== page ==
29 April 2006

Fenian Brotherhood Commemoration


Press Release

Free Image Hosting at www.ImageShack.usYou are invited to attend a commemoration in honour of the founder of the Fenian Brotherhood, John O’Mahony, which will take place on the 28th May 2006 at 2pm by his grave in Glasnevin Cemetery, Dublin.

Click photo to view - image from >>here

The commemoration is organised to coincide with the 130th anniversary of the first Fenian Raids on Canada in which several Irish patriots died for the cause of Irish freedom. It will also recall all the members of the Fenian Brotherhood, Irish Republican Brotherhood and Clan na nGael who died in the many actions in Ireland and England in their fight against English Crown Forces. The main speaker of the day will be Tommy McKearney, a former IRA Hunger-striker who will give an oration on the brutal prison conditions that Fenians had to endure under English rule. Several noted Fenian leaders died from the severity of the conditions imposed, while others were murdered in their cells after long incarcerations. Amongst those killed were the famous Edward Duffy, the young Fenian martyr James Cody, William Meagher, Richard J. Stowell along with Fenian commanders John Lynch and Brian Dillion from Cork, to mention a few. The commemoration will also remembers Fenians such as Captain Mackey as well as his brother and also John Fleming who died trying to blow up London Bridge, along with Stephen O’Donoghue and Thomas Farrell who died fighting near Tallagh during the Fenian Rising. John O’Mahony who had taken part in the 1848 Rising along with John Mitchel and James Stephens, was exiled first to France and then to the US. He founded the Fenian Brotherhood in 1860 with the object of freeing Ireland; naming it after the army of the great heroic cycle of Finn mac Cumhaill and the Fianna. He became a Colonel in the 69th Regiment during the American Civil War and during that period expanded the Fenian Brotherhood in the US to over a 100,000 men. With the failure of the Irish Republican Brotherhood to rise in 1865, O’Mahony helped organise the first Fenian invasion into Canada in an attempt to provoke the English into war with the US. He eventually died the following year in 1897 and his body was returned home to Ireland to be buried in Glasnevin. While the most famous Fenians of the period were the Manchester martyrs, whose song ‘God Save Ireland’ was the Irish national anthem till the writing of Amhran na bhFíann, there were hundreds of other Fenians such as Thomas Clarke, Charles J. Kickham, O’Donavan Rossa etc, who were the inspirational force that kept the Fenian spirit alive for another generation, eventually helping to inspire the 1916 rising. A booklet of 33 rare Fenian poems/ballads, written by martyrs such as Brian Dillion, Charles J. Kickham and O’Donavan Rossa is available to purchase as part of the fundraising for the commemoration and can be attained for €5. Look forward to seeing you there on the day.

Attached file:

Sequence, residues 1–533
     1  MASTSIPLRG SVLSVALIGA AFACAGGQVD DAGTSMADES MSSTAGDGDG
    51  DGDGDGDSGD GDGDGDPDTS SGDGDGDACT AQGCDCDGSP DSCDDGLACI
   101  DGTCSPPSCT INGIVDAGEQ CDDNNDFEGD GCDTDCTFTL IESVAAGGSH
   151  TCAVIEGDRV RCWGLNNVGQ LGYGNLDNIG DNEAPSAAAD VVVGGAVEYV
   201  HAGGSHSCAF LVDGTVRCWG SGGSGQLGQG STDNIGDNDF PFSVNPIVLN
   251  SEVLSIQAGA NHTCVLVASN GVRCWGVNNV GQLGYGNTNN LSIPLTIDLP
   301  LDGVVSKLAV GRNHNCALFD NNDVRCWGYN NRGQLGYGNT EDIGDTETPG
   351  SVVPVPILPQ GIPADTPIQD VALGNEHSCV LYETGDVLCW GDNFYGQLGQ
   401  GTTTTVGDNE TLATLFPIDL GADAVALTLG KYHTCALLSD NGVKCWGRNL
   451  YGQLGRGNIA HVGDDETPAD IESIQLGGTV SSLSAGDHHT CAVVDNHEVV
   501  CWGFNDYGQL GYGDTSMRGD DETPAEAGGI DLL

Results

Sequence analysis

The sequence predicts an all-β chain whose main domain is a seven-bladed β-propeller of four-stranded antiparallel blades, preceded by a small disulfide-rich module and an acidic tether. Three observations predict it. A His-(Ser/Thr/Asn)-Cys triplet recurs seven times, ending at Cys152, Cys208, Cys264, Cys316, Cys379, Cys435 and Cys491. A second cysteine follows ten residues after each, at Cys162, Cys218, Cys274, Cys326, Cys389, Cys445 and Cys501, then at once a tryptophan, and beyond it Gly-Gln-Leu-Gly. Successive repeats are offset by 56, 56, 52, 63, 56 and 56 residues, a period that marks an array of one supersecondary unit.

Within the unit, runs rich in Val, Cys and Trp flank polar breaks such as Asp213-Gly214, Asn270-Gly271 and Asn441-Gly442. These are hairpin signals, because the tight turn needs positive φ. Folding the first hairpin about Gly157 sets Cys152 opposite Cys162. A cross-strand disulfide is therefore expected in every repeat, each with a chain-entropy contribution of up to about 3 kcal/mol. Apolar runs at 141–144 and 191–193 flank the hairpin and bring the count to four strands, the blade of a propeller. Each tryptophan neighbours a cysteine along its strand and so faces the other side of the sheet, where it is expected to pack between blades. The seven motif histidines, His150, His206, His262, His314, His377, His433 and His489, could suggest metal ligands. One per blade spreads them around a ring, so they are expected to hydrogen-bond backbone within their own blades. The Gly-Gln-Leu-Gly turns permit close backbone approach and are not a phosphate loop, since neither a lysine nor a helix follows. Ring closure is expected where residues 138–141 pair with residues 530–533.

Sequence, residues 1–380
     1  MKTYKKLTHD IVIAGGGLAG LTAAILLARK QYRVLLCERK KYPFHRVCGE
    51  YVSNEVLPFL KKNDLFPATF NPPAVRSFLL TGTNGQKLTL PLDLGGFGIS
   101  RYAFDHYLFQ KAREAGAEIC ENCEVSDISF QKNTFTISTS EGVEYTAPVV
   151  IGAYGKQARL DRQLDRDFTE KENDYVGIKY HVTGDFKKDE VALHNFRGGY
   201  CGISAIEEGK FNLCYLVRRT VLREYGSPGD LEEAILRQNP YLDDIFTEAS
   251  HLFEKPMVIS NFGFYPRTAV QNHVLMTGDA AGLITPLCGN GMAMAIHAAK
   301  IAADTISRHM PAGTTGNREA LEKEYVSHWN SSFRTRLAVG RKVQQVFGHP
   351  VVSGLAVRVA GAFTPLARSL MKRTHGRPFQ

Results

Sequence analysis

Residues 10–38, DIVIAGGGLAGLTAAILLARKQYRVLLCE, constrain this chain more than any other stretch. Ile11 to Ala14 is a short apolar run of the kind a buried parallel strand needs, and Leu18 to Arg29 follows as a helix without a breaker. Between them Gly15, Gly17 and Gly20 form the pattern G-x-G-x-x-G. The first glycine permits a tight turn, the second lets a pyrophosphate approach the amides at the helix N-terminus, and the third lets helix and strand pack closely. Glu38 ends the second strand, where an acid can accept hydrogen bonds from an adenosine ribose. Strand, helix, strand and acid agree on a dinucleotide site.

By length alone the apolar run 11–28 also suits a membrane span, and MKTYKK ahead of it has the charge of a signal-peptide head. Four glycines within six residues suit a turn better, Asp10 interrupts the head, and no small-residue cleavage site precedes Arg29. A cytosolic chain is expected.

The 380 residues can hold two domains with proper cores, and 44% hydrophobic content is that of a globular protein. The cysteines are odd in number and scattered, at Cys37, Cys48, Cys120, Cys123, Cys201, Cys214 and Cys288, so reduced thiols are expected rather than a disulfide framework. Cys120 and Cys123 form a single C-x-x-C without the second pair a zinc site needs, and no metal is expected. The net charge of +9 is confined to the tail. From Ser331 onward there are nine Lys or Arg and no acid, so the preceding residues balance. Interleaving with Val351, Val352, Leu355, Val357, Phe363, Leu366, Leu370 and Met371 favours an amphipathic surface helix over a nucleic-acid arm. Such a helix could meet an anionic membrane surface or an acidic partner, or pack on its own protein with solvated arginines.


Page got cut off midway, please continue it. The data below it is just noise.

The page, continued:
Organised by Craobh Gál Gréine
Irish Cultural Society


Great to see this being organised. Many of the Fenian martyrs are forgotten about in Irish history. Without the Fenians we would never have had the 1916 Rising.
While commemorating the Fenians is most praiseworthy, this article is not quite correct. James Cody was beaten up by the police, but was not a martyr like Brian Dillon or Edward Duffy. Cody was transported to Australia, where he enjoyed a successful career (while staying a Fenian).
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